Mr. Logan

He probably will.

Mr. Bernays

The Chancellor of the Exchequer must also keep in mind that it is the young that keep the old. It is only under the shelter of the young that the aged can end their days in a reasonable standard of comfort. Owing to the high birth rate at the end of the nineteenth century and the low birth rate now and the longer expectation of life, we are getting more and more old people to be supported, and fewer and fewer young workers to maintain them. I suggest that that is a consideration which must be borne in mind by all hon. Members on whatever side of the House they sit. The power to increase old age pensions depends upon the extent to which we can equip our young men and women for the struggle to maintain and extend Great Britain's power and influence in the markets of the world, and that we contend is being done in the maternity and child welfare services, in the school medical inspections, in the consulting rooms of panel doctors, in the employment exchanges, in the training centres and in the education services.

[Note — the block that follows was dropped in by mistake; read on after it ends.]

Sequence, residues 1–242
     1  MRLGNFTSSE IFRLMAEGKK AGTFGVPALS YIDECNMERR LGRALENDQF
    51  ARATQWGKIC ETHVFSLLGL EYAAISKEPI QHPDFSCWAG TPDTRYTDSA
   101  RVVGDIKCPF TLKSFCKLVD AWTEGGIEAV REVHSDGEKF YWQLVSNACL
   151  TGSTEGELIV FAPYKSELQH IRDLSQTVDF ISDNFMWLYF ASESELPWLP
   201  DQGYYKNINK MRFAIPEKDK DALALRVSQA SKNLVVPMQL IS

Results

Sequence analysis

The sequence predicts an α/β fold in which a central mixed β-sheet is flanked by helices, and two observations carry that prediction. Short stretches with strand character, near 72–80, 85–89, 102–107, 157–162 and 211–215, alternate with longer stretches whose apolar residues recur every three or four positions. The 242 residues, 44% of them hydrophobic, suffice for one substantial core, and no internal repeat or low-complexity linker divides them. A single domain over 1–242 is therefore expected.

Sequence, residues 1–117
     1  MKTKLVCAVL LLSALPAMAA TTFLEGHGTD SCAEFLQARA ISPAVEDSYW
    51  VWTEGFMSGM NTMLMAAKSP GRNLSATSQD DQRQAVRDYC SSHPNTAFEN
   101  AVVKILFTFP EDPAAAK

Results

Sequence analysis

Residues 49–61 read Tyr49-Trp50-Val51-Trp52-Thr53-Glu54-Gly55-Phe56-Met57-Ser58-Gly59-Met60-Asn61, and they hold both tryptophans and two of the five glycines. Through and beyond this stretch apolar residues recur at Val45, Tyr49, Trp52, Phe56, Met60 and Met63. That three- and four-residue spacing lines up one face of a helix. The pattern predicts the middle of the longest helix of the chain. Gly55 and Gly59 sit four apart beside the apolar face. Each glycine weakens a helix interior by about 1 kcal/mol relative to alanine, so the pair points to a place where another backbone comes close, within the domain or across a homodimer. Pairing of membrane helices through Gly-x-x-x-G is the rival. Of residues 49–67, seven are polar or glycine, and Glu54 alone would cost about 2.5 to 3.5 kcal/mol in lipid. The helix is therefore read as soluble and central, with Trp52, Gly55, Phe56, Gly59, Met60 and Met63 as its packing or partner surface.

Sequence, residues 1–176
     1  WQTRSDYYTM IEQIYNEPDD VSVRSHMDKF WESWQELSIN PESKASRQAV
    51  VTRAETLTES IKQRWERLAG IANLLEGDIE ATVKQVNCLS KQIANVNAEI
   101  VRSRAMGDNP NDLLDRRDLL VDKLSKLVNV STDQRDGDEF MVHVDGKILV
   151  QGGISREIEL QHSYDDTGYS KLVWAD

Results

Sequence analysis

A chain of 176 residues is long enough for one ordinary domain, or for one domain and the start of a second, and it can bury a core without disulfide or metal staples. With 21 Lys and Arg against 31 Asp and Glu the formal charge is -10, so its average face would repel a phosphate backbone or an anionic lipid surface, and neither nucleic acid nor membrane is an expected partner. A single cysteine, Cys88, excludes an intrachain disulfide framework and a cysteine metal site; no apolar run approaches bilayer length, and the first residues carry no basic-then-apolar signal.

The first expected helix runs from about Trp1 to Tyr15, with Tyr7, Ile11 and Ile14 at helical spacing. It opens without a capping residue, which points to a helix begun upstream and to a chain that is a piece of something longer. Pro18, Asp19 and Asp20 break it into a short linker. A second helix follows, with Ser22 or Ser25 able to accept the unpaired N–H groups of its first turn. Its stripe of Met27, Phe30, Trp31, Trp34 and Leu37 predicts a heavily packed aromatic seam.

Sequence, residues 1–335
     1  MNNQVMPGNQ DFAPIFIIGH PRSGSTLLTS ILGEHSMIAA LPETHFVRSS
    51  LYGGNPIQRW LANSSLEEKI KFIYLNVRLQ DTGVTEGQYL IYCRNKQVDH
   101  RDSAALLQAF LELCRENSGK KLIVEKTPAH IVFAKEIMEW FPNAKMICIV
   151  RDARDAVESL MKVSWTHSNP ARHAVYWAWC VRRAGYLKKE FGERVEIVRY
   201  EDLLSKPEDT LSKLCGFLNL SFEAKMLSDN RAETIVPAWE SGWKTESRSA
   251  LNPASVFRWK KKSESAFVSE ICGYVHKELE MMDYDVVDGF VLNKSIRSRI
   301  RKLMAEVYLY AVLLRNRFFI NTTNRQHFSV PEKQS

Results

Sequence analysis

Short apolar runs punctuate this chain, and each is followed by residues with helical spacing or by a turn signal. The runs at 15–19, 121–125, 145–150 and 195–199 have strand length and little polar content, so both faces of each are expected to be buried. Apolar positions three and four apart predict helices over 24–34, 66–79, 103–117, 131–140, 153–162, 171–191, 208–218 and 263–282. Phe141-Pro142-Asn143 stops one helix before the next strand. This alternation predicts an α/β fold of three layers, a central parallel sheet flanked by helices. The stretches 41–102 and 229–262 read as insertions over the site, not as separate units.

Four demands are made in the Motion. First, the removal of anomalies and overlapping. Everything that anyone dislikes is always called an anomaly. It is not possible for me to go into each of the so-called anomalies which have been put forward this afternoon, because that would open a vast question, involving a detailed review of the whole machinery of the administration of the insurance schemes, but I should like to take one instance submitted by the hon. Member for Aberdare. He pointed out that the standard rates of benefit are higher under unemployment insurance than under national health insurance, and argued that an insured person needs more when away from work and sick than when he is away from work and well. The answer to that is that the standard rate under national health insurance is increased by way of additional benefits to the great majority of insured persons. The rate he quoted represents the minimum, and only the minimum, for which everybody is called upon compulsorily to insure. It is open to each person to supplement those rates in the light of his own circumstances, and there are greater facilities for supplementing insurance against sickness than against unemployment. We all know and admire the great work of the friendly societies in that direction.